Soccer players take to the pitch in Brandon to support war efforts in Ukraine

A friendly soccer game in southwestern Manitoba has raised money for war-torn Ukraine while bringing joy to Ukrainian refugees who recently arrived in Brandon.

Tryzub, Brandon’s Ukrainian-Canadian Association, organized the game between FC Trident and FC Internacional Saturday to create afternoon of fun and respite from the continuing stress of Russia’s war on Ukraine, Tryzub member and game organizer Oleksander Boiko told CBC.

“I’m like so grateful. Even [with the] pretty cold weather … everybody came,” Boiko said.

The idea behind the game was to show the importance of standing with Ukraine during the war, and the power of international friendships.

Two soccer players battle for the ball.
Soccer players battle for the ball in support of Ukrainian refugees in Brandon. (Chelsea Kemp/CBC)

Tryzub wants to build and maintain momentum for future fundraisers to ensure the Westman community continues to support the war efforts in Ukraine and refugees who were forced to flee their homes.

“Today it’s not just Ukraine … [it’s] kind of like international teams,” said Tryzub member Vartan Davtian, who helped plan the soccer game. 

“Soccer players … come in with families,” he said, and together they can “build friendships.”

He appreciates the continued support the community has shown since refugees began arriving in Brandon in February. 

Spectators cheer on a sports team.
The Ukrainian community in Brandon braved cold weather to show their support for Ukraine as it battles Russian invaders. (Chelsea Kemp/CBC)

Keeping hope in the face of an uncertain future

It is hard to tell what the future holds, Davtian says, because there is no stability in Ukraine. That’s why it’s imperative that  Tryzub members do what they can to support the war effort.

The game was a bit of a reprieve for volunteers in Brandon, who have spent most of their free time raising donations for Ukraine or helping new families settle into the community.

Soccer players battle for the ball.
FC Trident and FC Internacional players race for the ball. (Chelsea Kemp/CBC)

“We try to do what we can,” Davtian said. “It still needs full support … because lots of people get tired.”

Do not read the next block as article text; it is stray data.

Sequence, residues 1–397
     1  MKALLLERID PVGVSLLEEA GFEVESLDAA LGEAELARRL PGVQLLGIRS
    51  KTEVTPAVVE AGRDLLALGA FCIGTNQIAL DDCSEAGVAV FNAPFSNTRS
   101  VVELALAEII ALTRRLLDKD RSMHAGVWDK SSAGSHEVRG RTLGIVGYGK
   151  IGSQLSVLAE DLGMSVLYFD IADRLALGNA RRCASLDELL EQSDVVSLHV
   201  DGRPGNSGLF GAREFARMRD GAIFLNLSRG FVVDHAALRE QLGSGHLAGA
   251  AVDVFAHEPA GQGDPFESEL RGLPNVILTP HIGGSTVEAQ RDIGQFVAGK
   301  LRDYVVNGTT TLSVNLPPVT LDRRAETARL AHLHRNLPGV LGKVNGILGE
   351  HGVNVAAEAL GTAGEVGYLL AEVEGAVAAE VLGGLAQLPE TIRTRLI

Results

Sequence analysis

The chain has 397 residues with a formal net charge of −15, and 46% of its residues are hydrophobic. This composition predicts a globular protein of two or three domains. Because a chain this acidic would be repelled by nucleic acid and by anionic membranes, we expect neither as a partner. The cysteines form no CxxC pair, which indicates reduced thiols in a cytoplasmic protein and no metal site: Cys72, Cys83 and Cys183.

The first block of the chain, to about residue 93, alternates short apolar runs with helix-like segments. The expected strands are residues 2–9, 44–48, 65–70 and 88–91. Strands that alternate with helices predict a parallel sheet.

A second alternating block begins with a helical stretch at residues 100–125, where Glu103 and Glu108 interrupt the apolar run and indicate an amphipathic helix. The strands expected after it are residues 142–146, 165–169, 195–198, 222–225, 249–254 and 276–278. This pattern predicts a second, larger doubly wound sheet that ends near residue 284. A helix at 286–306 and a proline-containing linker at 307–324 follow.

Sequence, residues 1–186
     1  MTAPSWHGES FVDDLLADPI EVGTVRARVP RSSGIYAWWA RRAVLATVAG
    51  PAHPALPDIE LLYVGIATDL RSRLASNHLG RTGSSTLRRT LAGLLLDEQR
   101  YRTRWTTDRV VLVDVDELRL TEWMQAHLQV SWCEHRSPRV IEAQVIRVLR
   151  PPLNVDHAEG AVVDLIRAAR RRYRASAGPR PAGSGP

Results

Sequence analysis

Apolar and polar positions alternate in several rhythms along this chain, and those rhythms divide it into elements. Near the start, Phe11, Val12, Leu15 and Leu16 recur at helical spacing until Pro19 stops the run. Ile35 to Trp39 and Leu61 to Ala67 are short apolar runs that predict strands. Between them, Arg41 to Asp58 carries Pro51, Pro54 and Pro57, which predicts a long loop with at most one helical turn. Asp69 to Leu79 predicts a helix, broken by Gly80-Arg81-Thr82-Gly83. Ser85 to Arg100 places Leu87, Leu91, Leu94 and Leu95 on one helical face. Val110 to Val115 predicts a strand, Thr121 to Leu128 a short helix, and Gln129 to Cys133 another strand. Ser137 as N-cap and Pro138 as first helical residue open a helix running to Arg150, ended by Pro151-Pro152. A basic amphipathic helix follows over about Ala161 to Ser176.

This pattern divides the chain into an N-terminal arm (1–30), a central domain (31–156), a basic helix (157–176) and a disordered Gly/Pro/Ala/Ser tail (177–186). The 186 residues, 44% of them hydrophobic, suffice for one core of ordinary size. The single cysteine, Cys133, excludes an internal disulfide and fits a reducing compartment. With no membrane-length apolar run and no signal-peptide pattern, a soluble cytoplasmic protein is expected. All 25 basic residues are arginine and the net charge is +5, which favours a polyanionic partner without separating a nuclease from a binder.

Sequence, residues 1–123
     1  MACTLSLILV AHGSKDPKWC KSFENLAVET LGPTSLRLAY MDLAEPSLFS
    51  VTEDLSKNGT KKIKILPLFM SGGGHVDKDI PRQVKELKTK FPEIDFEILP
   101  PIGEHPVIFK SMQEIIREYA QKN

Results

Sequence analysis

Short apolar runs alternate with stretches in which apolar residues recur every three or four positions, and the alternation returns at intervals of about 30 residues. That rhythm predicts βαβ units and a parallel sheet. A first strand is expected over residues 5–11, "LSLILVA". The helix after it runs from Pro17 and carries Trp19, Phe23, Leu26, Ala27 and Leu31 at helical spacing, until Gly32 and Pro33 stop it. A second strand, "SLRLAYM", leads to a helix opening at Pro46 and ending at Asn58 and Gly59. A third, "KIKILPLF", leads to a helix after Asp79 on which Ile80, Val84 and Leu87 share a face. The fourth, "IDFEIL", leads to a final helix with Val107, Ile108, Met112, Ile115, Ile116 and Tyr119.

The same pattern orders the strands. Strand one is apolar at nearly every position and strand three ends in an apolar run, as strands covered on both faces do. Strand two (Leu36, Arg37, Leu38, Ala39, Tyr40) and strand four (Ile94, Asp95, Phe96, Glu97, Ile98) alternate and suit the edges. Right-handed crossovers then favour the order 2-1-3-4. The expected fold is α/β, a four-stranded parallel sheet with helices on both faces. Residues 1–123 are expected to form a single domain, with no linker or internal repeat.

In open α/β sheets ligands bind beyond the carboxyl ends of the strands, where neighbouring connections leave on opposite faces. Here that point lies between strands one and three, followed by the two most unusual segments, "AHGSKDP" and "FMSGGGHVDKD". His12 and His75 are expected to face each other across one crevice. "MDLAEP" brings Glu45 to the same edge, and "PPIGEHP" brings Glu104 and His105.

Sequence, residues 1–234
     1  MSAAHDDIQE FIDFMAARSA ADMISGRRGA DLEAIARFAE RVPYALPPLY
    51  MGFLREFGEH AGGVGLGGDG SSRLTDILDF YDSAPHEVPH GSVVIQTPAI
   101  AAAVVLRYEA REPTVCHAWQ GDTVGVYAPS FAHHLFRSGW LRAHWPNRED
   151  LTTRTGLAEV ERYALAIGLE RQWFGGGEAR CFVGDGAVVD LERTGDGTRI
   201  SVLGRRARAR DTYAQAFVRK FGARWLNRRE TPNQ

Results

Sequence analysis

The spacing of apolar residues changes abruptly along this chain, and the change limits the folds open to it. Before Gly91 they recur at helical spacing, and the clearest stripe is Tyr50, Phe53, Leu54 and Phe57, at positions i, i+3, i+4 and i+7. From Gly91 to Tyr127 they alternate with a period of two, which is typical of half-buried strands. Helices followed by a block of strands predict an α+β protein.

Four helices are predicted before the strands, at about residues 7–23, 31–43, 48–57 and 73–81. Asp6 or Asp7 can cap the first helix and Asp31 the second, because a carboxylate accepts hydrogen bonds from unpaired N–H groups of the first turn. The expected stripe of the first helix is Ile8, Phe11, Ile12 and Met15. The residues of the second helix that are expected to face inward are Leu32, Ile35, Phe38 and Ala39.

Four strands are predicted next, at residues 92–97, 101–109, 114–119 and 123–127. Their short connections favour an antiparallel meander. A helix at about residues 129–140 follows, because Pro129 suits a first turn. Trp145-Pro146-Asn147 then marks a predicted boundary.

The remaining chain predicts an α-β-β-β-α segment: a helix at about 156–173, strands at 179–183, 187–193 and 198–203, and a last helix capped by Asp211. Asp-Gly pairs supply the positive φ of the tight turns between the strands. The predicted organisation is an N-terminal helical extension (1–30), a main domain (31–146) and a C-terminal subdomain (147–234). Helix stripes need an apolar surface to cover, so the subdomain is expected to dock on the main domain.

The situation in Ukraine is difficult because “[the war is] not cooling down” and is instead “heating up,” he said.

Davtian, who has friends and family in Ukraine, worries about what each day will bring.

“You never know like how long it’s gonna take this war,” Davtian said. “If we give up what’s going to happen?”

Newcomers settling in Brandon

Davitian estimates about 45 Ukrainian families have arrived in Brandon since the war began.

Adjusting to life in Canada is a challenge, Davtian says, because the Ukrainian refugees have to build new futures after having their lives disrupted by the Russian invasion.

“You lose all your friends in Ukraine, so you start all new … it’s really hard to start over.”

The slower pace of life can also be a bit of a culture shock, he says. Many newcomers hail from large cities with vibrant downtowns and community areas where people gather.

Two soccer teams dressed in yellow and blue pose for a group photo holding the Canadian and Ukrainian flags.
FC Trident and FC Internacional soccer players pose for a group photo before their game. (Chelsea Kemp/CBC)

Davtian hopes to bring something similar to Brandon, but for now the focus is on supporting the Ukrainian war effort.

“Once the war is over, I believe like we can do something like really creative, and do something like really cool for Brandon as a thanks,” Davtian said.

Lev Lytvynenko and his family were living in the Kyiv region of Ukraine before they fled at the onset of the war.

Lytvynenko says his family saw Manitoba as a land of opportunities and, after arriving in Brandon a couple of weeks ago, they are happy with their decision.

“I find a lot of people everywhere and they’ve very open minds and open hearts for Ukrainians,” Lytvynenko said. 

The family has found an apartment, Lytvynenko has been submitting resumés to find work, and his son recently began kindergarten.

Lytvynenko and his family attended the soccer game because he saw it as a chance to bring the community together and show the power of friendships between different nations.

Three kids sit on the grass looking at a phone.
Masha Gradetska, left, David Chuklinov and Karolina Boyko attend the FC Trident and FC Internacional soccer game. (Chelsea Kemp/CBC)

It remains imperative to support Ukrainians as they face continued war with Russia, Lytvynenko says. His parents and some friends remain in the besieged country and he worries for their safety.

“It’s very tough,” Lytvynenko said. “I’m afraid every day … they are not safe.”